Stitch Fix, for instance, is marrying machine learning with human judgment to deliver personalized styling services to customers. The company’s advanced algorithms use customers’ fit feedback and purchase histories to evaluate the likelihood that the customer will love a particular style. The algorithms make recommendations to a stylist who finalizes selections from the inventory list and adds a personal note to the customer with styling tips. Algorithms also assign the optimal supply chain depending on customer location, warehouse inventory, and other factors.
But it doesn’t end there. Continuous responses from customers feed the machine learning software, which enables the company to better recommend items to all customers and intelligently inform its own private label design. This highly personalized experience was not created by a marketing team, but by a team of more than 100 data scientists. The company “humanizes” the algorithms with consistent feedback from customers, using data science to augment, rather than replace, what employees do.
In the race to rapidly digitize even more elements of the customer experience and meet customers’ ever growing demand for simple, easy, and personalized digital experiences, it’s tempting to rely largely on the promise of big data and AI-driven algorithms as a panacea. But they are only one piece of the puzzle. Better products, delivery—indeed, the entire experience—depend on constantly reading the data and also listening to customers to understand their needs and feelings. Especially in complex or emotional interactions, there is no effective substitute for human interactions and human judgment.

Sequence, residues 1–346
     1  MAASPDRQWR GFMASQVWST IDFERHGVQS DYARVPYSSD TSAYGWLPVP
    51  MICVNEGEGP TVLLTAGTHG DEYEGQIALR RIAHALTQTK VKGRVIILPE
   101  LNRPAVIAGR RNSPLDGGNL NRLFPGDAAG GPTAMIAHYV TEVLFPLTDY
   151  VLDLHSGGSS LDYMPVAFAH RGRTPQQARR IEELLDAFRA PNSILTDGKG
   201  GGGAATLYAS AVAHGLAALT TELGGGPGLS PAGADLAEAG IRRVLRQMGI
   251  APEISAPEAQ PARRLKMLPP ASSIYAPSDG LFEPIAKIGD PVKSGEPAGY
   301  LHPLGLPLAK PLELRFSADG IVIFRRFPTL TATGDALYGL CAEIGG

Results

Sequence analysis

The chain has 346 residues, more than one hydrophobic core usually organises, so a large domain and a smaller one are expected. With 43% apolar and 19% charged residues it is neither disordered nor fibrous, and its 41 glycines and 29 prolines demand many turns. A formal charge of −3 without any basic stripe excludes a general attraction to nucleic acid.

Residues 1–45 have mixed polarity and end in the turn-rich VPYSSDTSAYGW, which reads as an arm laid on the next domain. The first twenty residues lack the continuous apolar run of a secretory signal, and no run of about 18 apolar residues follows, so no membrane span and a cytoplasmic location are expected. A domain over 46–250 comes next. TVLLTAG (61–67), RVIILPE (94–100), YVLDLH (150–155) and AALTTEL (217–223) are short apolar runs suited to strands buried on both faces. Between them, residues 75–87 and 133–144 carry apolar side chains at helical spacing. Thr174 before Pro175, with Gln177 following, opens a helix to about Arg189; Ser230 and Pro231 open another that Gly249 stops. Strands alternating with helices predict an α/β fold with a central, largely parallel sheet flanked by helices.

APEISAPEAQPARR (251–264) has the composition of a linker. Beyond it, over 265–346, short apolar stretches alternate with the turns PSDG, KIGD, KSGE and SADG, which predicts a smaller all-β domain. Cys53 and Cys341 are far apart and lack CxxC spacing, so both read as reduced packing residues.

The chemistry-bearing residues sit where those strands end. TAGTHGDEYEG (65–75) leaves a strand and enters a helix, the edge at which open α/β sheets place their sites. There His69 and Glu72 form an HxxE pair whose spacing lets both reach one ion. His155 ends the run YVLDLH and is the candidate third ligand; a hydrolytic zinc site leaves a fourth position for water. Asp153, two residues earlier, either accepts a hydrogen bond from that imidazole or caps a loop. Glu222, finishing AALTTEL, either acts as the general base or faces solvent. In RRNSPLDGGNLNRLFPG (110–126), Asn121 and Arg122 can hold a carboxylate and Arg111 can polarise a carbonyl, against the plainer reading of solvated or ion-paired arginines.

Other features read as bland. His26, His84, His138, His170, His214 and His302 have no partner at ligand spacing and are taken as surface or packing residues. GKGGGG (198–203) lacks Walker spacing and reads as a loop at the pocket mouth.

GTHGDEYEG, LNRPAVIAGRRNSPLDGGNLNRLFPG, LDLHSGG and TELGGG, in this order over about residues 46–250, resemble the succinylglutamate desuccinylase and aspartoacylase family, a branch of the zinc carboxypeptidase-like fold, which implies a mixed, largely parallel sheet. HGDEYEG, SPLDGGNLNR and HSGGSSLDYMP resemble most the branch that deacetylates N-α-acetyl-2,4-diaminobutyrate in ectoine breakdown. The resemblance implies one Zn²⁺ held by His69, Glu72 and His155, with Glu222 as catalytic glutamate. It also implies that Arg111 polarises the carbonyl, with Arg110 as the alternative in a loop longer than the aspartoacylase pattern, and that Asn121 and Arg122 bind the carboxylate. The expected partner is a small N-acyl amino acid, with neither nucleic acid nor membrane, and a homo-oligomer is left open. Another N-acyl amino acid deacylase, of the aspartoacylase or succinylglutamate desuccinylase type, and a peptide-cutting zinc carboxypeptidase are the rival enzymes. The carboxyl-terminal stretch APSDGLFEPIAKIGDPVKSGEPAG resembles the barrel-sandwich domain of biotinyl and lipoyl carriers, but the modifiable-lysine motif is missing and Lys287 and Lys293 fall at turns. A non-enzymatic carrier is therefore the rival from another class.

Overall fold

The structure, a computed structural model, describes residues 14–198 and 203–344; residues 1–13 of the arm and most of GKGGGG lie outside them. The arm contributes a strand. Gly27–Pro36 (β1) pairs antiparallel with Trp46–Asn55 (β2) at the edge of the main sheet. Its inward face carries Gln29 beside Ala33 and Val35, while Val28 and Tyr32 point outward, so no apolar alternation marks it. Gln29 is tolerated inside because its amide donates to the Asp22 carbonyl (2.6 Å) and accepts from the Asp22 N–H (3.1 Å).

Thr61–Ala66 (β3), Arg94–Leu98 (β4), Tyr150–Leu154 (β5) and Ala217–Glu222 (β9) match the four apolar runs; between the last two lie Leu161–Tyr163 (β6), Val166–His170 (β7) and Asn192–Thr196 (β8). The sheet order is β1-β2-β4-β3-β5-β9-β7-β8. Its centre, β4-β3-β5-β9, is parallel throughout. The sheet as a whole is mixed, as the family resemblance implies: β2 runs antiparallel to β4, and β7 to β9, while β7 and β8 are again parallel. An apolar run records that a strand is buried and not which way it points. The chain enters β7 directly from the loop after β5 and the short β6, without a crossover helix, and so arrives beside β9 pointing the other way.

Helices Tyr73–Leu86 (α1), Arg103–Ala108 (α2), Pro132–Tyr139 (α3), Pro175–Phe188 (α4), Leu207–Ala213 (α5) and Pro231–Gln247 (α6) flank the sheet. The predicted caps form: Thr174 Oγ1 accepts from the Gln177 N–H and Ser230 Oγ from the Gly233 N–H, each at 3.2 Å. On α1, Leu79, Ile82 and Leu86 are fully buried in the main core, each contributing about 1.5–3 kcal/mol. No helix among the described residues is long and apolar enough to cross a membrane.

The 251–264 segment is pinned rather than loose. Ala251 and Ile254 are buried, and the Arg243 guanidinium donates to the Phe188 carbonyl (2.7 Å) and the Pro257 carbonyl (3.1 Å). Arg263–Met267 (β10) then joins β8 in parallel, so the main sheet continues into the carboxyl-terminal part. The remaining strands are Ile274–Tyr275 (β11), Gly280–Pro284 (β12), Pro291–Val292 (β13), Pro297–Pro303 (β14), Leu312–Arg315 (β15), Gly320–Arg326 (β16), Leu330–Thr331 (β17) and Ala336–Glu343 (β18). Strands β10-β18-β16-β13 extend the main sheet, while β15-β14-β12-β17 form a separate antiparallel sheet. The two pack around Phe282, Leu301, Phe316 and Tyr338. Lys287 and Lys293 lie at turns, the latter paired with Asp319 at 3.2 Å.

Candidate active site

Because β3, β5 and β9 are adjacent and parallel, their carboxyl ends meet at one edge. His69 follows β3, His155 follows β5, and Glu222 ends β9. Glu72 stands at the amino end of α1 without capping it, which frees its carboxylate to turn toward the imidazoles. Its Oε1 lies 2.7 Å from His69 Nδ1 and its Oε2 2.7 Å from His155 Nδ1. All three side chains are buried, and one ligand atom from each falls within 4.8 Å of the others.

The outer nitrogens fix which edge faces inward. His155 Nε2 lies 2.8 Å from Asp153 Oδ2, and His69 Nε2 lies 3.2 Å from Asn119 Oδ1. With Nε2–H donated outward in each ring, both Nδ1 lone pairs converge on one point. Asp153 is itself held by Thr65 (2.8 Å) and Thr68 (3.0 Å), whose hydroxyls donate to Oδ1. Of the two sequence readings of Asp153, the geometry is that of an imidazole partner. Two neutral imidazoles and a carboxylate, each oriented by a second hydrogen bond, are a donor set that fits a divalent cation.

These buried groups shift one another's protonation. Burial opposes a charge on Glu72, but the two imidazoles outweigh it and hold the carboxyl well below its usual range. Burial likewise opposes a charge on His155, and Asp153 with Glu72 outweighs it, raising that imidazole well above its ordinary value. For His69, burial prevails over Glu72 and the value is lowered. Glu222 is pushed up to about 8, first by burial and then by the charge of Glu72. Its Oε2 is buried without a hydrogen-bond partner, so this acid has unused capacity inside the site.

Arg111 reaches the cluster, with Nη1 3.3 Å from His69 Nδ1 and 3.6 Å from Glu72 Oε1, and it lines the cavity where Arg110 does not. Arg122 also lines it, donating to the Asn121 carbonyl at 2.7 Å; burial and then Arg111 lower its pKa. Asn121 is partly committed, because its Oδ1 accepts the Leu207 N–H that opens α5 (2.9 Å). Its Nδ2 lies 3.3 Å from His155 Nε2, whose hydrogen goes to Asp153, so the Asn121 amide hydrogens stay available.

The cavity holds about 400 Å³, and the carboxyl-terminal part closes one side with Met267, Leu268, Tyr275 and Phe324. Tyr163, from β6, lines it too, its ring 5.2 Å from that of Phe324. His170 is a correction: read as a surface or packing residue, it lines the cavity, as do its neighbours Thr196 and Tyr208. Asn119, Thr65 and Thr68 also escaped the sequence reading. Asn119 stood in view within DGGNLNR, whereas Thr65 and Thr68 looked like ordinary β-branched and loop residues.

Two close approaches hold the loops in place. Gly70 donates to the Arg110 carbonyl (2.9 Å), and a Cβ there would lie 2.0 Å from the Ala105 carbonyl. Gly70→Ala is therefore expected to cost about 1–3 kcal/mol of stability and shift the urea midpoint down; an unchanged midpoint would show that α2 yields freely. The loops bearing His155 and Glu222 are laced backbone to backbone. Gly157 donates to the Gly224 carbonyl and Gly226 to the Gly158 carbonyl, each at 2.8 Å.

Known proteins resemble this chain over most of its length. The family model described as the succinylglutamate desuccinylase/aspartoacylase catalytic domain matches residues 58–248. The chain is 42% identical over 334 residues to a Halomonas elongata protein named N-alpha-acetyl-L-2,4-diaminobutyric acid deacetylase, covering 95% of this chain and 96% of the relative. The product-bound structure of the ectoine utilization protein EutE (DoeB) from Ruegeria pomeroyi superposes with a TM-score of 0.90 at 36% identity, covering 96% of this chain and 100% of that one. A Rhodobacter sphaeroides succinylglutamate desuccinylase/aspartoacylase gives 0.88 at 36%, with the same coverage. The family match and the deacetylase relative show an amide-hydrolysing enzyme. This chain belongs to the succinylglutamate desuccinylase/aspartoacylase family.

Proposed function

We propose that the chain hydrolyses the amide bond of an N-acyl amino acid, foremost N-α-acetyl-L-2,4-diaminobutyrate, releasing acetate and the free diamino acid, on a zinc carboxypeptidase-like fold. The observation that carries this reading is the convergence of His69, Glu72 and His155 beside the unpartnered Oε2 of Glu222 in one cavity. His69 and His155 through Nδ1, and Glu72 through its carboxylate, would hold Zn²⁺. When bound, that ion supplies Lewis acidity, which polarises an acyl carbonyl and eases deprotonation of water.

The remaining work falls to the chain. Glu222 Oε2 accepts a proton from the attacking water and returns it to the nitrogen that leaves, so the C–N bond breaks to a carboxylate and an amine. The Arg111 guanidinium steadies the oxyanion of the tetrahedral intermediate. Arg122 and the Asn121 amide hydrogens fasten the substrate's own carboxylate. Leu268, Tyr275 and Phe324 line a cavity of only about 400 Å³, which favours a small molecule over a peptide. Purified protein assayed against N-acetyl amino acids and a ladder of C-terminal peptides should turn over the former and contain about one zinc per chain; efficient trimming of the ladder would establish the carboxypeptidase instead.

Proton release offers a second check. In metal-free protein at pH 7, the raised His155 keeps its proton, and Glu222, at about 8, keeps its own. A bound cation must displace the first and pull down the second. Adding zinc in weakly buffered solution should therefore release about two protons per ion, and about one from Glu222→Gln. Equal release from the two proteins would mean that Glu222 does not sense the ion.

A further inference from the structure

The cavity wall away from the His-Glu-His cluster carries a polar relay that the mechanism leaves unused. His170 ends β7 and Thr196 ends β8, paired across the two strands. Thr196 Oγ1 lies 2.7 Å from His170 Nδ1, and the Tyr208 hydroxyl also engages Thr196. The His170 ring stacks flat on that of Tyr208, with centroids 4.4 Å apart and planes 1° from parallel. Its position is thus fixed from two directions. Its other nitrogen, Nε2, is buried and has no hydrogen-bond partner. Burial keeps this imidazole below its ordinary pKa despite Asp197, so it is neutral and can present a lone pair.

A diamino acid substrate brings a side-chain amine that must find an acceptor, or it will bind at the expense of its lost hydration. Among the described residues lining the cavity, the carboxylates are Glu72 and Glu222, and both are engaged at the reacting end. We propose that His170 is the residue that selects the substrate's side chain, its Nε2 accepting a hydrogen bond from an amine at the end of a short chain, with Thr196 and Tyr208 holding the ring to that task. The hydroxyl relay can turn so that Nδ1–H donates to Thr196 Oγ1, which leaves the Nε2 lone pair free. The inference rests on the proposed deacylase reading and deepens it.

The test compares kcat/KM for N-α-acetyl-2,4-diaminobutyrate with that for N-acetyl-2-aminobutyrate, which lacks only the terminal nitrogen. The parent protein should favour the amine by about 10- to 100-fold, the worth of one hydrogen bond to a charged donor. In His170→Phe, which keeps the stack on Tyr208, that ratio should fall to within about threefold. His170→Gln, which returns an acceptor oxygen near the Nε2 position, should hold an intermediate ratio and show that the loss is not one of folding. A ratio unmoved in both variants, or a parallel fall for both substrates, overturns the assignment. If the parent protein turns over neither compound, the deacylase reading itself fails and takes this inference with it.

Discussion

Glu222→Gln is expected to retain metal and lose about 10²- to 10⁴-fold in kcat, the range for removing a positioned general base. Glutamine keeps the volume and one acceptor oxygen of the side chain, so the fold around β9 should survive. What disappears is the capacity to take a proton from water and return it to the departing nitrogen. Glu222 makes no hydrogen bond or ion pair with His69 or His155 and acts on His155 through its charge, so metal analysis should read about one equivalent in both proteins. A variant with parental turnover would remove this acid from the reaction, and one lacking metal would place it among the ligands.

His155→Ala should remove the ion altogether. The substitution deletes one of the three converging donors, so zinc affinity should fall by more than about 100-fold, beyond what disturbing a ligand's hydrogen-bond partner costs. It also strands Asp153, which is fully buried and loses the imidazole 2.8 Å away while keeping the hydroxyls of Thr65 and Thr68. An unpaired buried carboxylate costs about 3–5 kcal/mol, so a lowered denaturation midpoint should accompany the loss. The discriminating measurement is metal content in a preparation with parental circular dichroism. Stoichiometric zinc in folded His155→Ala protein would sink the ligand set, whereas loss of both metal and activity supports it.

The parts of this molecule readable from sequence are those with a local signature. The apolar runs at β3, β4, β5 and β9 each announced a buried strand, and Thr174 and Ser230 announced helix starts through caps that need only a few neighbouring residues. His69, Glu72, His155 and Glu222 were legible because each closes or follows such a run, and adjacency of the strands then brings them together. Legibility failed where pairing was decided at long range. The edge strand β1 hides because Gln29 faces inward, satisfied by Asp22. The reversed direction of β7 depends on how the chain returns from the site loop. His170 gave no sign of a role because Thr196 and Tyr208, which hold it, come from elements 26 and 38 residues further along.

What does it take for companies to keep the human spark alive as they seize opportunities to build out the digital front line? Key elements of the traditional Net Promoter System remain essential, particularly using feedback to create a customer-centered culture among highly engaged employees. Combining that culture with the right data and technology will power the next generation of loyalty leaders.
At the highest level, company leaders should ask how they can maintain and embed the human touch in their interactions with customers, and what role employees play. To get started in this context, leaders should consider some key questions:
- Does our culture allow us to embrace technology in ways that make it easy to act in the best interest of our customers?
- Is our product and experience truly differentiated, clear, and compelling, whether delivered through a human or a digital front line?
- Are we upgrading NPS and other feedback systems to include operational and other signal data (such as predictive NPS) and competitive benchmarks?
- How can we break down silos between digital, marketing, and customer experience functions so they collaborate to deliver the right offer or message at every customer touchpoint?
- Which specific use cases for digital engagement or personalization should we choose first for testing and learning?
Roblox-style fully virtual consumer commerce might dominate in the distant future, but not soon. Even if that scenario does eventually occur, winning companies will learn from digital pioneers such as Chewy and Stitch Fix, which blend human ingenuity with the most advanced data and technology to deliver exceptional experiences.
The authors thank their Bain & Company colleagues who helped develop this brief: Basma Abdel Motaal, Srijan Bhatnagar, Manish Dabas, and Hamish Nairn.
Net Promoter®, NPS®, and the NPS-related emoticons are registered trademarks of Bain & Company, Inc., Satmetrix Systems, Inc., and Fred Reichheld. Net Promoter Score℠ and Net Promoter System℠ are service marks of Bain & Company, Inc., Satmetrix Systems, Inc., and Fred Reichheld.
NPS Prism® is a registered trademark of Bain & Company, Inc.